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The first centre set up in South America to test foods for low levels of potential cancer-causing agents has been launched in the Chilean capital of Santiago.

The Centre for the Evaluation of Genotoxic Risks (CERIG) is a groundbreaking attempt in the region to ensure that Chile's food produce meets international food safety standards, both to ensure continued access to global markets for such produce, and to protect the health of its population.

Scientists at the centre, which opened at the University of Chile last month, will analyse samples of food and other products using the Ames test, a highly sensitive and internationally recognised method for measuring the mutagenic potency of substances developed by biochemist Bruce Ames at the University of California at Berkeley in the 1970s.

“This laboratory was founded because the health and science authorities are thinking about the future of Chilean produce”, says Ruby Valdivia of the University of Chile, one of the founders of the centre. “As far as we know, there is no other country in South America whose Health Ministry requires [such] tests."

Chile introduced legislation in 1997 that makes producers responsible for ensuring that new products do not cause mutagenic or carcinogenic damage, and requires existing products to be tested when there are grounds to believe they are causing problems. Only now, however, has the launch of the new centre meant that the infrastructure exists to enforce this law.

“As in most developing countries, the public in Chile assumes that everything sold for human consumption is safe," says Valdivia. "Companies are only interested in avoiding extra costs and keeping consumers passive. They are reluctant to pay out 3,000,000 pesos (US$4,000) to test a single product [for safety], but they [are prepared to] spend much more on marketing.”

The Ames test detects the production of genetic mutations in the bacteria Salmonella typhimurium. Easy to perform and relatively cheap, the test is widely used to identify potential carcinogens.

Ames himself has warned that excessive use of the test may be counterproductive, because any resulting increase in the cost of fruit and vegetables is likely to cause more cancer than the test prevents. Indeed, he has spoken out against mandatory testing as an unjustified intervention in free markets.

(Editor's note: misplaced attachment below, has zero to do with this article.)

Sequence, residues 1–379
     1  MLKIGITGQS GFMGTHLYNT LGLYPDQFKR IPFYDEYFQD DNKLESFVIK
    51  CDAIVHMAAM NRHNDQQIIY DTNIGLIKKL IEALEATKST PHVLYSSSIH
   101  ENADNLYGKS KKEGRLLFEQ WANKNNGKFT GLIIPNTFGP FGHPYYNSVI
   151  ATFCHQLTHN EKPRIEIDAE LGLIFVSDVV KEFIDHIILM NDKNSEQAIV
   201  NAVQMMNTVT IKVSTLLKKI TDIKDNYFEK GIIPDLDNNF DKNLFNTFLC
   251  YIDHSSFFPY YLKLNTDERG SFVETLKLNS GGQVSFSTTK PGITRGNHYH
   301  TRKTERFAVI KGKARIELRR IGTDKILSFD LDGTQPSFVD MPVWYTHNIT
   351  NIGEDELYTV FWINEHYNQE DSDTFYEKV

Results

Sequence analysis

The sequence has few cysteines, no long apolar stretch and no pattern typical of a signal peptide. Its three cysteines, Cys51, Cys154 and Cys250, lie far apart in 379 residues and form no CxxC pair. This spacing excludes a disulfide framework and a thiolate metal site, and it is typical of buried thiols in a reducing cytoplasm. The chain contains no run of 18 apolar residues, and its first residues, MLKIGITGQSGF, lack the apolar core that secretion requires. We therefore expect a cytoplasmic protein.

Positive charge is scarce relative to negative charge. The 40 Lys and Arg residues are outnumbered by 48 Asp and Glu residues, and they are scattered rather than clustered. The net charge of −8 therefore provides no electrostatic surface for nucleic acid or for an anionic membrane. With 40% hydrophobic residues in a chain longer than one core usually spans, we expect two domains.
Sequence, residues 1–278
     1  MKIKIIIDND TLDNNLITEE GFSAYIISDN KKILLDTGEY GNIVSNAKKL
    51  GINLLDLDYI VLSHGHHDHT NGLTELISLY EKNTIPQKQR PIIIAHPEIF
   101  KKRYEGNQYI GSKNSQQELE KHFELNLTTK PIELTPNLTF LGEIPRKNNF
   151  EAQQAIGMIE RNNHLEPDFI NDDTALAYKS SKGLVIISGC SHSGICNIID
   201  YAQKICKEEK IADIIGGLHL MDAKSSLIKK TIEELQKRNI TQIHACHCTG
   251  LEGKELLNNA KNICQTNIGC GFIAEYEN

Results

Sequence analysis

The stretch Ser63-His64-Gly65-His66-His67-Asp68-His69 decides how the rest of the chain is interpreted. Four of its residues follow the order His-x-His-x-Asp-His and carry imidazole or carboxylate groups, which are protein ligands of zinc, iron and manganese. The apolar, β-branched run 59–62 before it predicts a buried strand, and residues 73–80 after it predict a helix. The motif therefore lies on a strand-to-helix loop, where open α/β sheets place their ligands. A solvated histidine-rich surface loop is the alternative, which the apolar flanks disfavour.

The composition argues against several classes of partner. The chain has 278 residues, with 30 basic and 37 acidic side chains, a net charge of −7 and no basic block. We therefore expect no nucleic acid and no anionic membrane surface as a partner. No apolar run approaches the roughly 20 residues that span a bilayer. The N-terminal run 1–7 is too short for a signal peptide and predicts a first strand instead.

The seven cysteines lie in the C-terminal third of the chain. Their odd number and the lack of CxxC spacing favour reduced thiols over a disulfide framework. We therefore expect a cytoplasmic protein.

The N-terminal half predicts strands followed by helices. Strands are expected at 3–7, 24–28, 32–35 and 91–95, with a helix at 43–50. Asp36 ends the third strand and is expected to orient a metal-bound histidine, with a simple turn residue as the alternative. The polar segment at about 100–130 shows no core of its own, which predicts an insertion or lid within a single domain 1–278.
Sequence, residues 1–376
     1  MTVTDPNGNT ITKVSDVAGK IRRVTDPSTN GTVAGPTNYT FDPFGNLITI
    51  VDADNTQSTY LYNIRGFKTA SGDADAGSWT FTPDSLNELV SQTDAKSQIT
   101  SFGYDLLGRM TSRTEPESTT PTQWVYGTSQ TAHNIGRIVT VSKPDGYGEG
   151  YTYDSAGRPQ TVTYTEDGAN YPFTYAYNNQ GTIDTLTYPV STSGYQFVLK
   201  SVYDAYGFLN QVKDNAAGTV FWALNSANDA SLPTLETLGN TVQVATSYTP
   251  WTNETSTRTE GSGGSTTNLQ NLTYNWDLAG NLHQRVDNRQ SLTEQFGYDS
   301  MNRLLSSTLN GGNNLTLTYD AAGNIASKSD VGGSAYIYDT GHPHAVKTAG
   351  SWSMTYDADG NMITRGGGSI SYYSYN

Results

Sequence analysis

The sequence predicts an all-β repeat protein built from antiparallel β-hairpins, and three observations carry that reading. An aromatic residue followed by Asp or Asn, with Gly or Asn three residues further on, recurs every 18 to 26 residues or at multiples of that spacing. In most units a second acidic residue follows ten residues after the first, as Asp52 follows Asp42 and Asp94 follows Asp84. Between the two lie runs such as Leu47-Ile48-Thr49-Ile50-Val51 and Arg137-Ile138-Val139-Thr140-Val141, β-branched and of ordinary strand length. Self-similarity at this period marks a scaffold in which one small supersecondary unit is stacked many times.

Nevertheless, many international markets now demand that products exported for human consumption are certified as being free of mutagens. Chilean companies previously had to go to foreign laboratories for this certification.

Chilean Foreign Minister, Soledad Alvear, attended the opening ceremony of the new centre, indicating the importance to the Chilean economy that such testing facilities are available. A particular concern is to guarantee the increased opportunities for trade with Europe following the signing earlier this year of a free-trade agreement between Chile and the European Union.

“The demands of the European Union and other developed countries will oblige producers to submit their products to these tests," says Valdivia. "If the market is exacting, Chileans will end up demanding that their own products meet the same standards.”

She argues that a change of culture is already visible in sectors such as the wine and timber industries: “Forestry companies are already consulting us to see whether the compounds they use are safe for their workers.”

The centre was set up with finance from the National Fund for Scientific and Technological Development (FONDEF). It will operate in accordance with the Good Laboratory Practice system, which sets out strict laboratory guidelines and standard operating procedures to assure reliable and comparable data.

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